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Advertising and campaign tactics

August 16th, 2008

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    What is dictating McCain’s media strategy?

In the advertising war waging across the water, John McCain is positively hammering Barack Obama. The Arizona Senator has ploughed significant money into attacking his counterpart from Illinois on a number of fronts; from his advice on inflating tyres to his ‘celebrity’ status, apparently comparable to that of Paris Hilton and Britney Spears.

Two elements of his campaign’s assault on Obama have raised eyebrows. Firstly, why is McCain criticising Obama on such spurious grounds when Republicans feel they have a stronger case against ‘the most Liberal member of the Senate’? Secondly, why is McCain throwing money away on advertising so ‘early’ in the season, when he trails Obama in fundraising?

The second question is easier to answer: when McCain’s primary campaign was in dire straights, he applied for match-funding (public money) from the FEC. This comes with limits on expenditure – both for the primary (pre-convention) and General (post-Convention) elections. McCain’s suprise victory, and subsequent financial comfort, did not allow him to forgo the FEC funding which he had already used as collateral for bank loans. Consequently, McCain has more money than he will be allowed to spend after the GOP Convention in Minneapolis-St. Paul, so he decided to launch some of the more negative attacks at a point in time that will still be forgotten, and whilst he was still within primary election spending limits.

The issue of ‘why celebrity?’ is harder to answer definitively. Clearly there is an element to which it extends the ‘elitist’ tag, and gives it a new lease of life in view of Obama’s domination of the media coverage. For a candidate who has been called ‘too fit’ to be President of a country in the midst of an obesity epidemic, there may be a valid angle of attack that highlights the variance between Obama’s life and the lives of those he would represent. Yet, for conservative friends of mine, this is an empty swipe at a candidate that they feel has genuine flaws – inexperience, no voting record, views on abortion completely out of step with mainstream America. So why this particular line?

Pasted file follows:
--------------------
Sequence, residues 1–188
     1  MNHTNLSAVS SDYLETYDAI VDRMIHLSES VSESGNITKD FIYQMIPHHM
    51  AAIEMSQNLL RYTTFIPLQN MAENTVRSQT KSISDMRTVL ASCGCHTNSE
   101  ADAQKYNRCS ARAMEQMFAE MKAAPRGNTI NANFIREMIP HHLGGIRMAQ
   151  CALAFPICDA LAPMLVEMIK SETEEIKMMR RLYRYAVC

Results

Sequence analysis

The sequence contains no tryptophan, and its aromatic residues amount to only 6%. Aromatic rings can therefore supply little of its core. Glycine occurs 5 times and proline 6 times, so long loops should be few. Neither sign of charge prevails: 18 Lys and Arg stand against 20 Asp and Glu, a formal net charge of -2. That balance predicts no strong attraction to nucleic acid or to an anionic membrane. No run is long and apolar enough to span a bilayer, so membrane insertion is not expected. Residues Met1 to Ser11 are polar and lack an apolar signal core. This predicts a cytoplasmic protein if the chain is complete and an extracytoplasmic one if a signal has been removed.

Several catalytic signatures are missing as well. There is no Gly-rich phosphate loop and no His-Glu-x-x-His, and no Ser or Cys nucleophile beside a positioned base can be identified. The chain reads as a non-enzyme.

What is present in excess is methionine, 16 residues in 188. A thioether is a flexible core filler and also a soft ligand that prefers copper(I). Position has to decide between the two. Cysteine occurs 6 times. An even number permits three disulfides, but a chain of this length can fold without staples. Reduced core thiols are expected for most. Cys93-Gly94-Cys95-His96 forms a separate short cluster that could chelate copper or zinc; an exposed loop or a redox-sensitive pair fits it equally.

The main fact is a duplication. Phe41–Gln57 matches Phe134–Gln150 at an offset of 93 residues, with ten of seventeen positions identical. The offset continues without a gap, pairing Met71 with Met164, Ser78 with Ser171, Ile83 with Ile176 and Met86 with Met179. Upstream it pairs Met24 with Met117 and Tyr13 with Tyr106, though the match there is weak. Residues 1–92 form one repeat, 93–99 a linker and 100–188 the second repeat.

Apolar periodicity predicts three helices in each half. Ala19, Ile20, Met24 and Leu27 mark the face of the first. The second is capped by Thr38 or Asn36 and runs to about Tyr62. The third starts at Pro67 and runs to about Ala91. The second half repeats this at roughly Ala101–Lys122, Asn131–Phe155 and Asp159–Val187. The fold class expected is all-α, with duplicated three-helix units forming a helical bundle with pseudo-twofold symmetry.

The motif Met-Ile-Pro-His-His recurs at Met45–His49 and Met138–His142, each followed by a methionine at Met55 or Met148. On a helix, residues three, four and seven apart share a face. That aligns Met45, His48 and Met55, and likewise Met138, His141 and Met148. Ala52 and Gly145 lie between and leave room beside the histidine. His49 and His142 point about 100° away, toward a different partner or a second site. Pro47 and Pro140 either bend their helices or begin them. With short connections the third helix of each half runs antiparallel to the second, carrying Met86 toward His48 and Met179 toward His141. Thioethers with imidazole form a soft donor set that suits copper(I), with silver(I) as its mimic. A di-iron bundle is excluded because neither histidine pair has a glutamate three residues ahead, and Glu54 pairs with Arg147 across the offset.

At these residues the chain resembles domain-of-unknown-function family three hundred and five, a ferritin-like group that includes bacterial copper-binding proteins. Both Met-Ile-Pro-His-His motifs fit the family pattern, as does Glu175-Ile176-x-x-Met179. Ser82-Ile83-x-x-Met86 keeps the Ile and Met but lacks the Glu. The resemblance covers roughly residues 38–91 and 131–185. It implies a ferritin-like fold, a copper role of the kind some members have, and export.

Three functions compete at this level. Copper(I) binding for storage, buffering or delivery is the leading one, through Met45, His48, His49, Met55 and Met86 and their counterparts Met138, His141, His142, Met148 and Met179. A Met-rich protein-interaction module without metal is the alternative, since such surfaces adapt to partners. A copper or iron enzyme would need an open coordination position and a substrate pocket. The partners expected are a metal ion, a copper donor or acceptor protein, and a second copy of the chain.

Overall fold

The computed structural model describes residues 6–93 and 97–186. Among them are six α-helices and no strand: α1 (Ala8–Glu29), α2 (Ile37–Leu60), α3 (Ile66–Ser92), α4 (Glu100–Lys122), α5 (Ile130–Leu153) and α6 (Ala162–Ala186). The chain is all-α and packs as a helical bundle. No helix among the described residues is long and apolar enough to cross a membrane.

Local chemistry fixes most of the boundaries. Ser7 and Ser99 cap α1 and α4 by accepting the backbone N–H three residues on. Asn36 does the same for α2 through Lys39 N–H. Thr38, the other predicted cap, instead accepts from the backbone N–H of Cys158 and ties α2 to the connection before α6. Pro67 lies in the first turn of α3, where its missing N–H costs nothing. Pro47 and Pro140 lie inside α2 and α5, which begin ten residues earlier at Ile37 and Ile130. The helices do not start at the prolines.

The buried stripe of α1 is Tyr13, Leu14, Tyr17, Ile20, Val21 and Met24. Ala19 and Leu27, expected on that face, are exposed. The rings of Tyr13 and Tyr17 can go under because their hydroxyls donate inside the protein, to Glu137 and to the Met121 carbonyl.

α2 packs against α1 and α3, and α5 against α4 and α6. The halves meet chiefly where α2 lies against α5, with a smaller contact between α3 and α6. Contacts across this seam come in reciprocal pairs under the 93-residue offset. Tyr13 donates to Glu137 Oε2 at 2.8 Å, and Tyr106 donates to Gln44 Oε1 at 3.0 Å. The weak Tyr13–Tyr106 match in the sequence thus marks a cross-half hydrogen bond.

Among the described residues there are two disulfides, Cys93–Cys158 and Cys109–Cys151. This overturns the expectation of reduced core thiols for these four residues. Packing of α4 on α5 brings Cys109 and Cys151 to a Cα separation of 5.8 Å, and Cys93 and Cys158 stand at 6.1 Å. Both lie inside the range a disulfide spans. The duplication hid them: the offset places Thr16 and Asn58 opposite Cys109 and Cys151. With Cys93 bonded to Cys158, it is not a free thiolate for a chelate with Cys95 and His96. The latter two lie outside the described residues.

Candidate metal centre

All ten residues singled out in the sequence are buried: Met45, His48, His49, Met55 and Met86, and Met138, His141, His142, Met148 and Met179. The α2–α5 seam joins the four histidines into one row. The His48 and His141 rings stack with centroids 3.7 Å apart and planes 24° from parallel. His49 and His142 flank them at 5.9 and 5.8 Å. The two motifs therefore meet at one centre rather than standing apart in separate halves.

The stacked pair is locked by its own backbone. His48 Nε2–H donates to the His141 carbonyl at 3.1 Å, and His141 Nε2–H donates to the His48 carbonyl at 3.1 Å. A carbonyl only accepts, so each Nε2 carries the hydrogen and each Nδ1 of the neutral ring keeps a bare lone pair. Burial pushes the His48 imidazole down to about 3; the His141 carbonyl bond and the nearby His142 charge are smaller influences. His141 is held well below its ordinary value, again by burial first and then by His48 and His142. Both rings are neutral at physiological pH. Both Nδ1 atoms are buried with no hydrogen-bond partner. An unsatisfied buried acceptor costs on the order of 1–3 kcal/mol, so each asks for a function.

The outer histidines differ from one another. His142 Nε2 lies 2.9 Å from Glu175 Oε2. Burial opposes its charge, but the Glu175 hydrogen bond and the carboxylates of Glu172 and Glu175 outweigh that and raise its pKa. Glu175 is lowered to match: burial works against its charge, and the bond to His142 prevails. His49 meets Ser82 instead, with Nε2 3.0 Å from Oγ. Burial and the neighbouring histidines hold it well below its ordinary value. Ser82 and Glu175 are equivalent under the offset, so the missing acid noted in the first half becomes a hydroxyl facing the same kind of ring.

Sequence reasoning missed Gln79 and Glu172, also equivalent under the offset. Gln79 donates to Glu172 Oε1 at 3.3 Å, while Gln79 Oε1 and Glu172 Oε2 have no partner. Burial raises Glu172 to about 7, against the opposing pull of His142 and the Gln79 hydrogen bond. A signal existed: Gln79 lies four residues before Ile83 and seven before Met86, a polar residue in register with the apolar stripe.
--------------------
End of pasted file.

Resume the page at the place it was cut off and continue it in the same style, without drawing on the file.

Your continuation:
I think that it is mistaken to believe that the ‘celebrity’ adverts were aimed predominantly at the voting public. I think that the principle audience for McCain’s attacks were Davids Plouffe and Axelrod: Barack Obama’s campaign maestros.

McCain will have been worried by the early lead that Obama took upon winning the nomination, and was concerned by the effect that his overseas tour could have. Both candidates will get a bounce from their convention, but because the Democratic party goes first, Obama’s bounce will come from a higher base. There was a danger that his lead plus his bounce would leave McCain too far by the beginning of the GOP convention. If McCain falls too far behind, the RNC may choose to spend their money on defending Congressional seats, rather than a more expensive assured defeat in the run for the White House.

The McCain tactic prior to Labor Day has to be to keep the race close. That would be difficult if Obama was dominating media coverage, or matching McCain in the ad war because of his unlimited funding. The Republican campaign needed to find a way to keep Obama off the air – given the media’s preference for a young, attractive, well-spoken candidate, that was not an easy task. I think the reason for the ‘celebrity’ line of attack was to head-fake Obama’s campaign into fearing overexposure, leading them to voluntarily give him a lower profile until the Conventions.

I don’t think this was a weak move by the Obama campaign – there is a danger of the public growing tired of the Democratic candidate before November, so a period of off-screen time was probably due. However, McCain’s campaign will have calculated that the risk of overexposure was less likely than Obama securing a solid lead, which McCain’s campaign could not afford.

Even assuming that I have correctly diagnosed the thinking behind McCain’s advertising strategy, I don’t think it will guarantee success in November. I do, however, think that avoiding a double digit national lead prior to Labor Day has helped McCain keep the RNC and major donors interested in his candidacy. With so much stacked against the Republican nominee, that is no small blessing.

Morus






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